To what extent do these poor outcomes in adulthood arise from the fact that disadvantaged and 'delinquent' children get on average vastly inferior educational results? The study found that education was important as a 'transmission mechanism', but that it typically accounted for under half of the differences identified. The disadvantages identified had a significant impact above and beyond their effect on education.

Of the family-based measures of childhood disadvantage, poverty was found to be by far the most important force linking childhood development with subsequent social and economic outcomes. Being brought up in a lone-parent family, for example, does not seem to matter in the absence of family poverty.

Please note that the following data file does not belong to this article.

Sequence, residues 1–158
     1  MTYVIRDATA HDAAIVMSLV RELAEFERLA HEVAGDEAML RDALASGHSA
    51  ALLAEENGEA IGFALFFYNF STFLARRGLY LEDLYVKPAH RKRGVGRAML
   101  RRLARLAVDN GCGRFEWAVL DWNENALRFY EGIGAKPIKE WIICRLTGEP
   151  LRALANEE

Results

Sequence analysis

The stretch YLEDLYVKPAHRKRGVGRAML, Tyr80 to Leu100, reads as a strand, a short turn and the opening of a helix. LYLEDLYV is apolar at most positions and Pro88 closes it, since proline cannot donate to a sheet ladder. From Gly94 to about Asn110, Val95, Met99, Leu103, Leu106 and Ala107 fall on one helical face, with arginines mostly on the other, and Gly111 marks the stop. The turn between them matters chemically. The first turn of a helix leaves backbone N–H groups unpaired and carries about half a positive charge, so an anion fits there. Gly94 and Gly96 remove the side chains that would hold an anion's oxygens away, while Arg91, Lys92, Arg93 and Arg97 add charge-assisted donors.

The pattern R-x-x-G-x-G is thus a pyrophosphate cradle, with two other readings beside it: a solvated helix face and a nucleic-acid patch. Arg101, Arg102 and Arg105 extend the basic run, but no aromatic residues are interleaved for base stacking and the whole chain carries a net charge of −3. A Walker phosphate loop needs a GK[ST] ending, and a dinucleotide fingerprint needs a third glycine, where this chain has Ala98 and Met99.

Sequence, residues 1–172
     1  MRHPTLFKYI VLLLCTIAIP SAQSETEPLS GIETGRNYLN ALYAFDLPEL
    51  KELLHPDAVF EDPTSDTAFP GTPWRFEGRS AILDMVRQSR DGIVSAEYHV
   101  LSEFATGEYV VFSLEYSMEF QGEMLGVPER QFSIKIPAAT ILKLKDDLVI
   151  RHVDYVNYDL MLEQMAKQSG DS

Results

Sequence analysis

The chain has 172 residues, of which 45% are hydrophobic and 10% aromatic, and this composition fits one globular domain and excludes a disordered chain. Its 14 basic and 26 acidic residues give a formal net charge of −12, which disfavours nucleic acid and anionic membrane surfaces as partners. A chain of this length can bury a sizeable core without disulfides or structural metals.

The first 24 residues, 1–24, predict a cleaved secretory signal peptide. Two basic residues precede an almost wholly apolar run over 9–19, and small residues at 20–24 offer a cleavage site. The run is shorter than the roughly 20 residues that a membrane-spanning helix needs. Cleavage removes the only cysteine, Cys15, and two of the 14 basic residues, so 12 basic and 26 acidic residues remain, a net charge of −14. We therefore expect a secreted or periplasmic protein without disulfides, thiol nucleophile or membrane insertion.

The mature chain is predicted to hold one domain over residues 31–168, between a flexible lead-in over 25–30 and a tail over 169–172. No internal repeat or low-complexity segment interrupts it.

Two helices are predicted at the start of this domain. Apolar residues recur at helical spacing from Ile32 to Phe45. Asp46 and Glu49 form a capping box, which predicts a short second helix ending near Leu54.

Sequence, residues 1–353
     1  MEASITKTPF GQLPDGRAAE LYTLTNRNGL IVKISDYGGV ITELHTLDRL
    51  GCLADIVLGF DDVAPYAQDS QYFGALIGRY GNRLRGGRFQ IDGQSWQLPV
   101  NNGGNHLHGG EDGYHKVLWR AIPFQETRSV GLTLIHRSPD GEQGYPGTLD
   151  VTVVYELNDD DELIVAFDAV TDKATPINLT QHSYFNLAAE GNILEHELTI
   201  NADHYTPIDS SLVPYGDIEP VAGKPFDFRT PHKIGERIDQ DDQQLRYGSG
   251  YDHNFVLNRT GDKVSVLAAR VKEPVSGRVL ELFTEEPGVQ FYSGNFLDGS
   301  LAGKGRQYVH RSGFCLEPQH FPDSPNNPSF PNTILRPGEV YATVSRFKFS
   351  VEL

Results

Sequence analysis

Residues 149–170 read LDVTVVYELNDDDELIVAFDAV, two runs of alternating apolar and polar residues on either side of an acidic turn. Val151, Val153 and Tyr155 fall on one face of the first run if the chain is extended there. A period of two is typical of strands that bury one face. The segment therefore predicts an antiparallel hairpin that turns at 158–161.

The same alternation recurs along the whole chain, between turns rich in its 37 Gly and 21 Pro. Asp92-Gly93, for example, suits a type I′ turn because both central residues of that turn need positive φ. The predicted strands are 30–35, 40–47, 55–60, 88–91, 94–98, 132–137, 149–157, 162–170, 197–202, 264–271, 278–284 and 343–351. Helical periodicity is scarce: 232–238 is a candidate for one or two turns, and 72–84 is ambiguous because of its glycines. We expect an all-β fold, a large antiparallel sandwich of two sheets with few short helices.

Finally, the study demonstrated an intergenerational link in the cycle of family disadvantage. It looked at the tested cognitive ability, at an early age, of the children of the 1958 cohort. Where the parents had themselves grown up in socially disadvantaged situations, the average cognitive ability of children was lower. This suggests a potentially important cross-generational link that may well spill over to affect the subsequent economic fortunes of the children of disadvantaged individuals.

Conclusions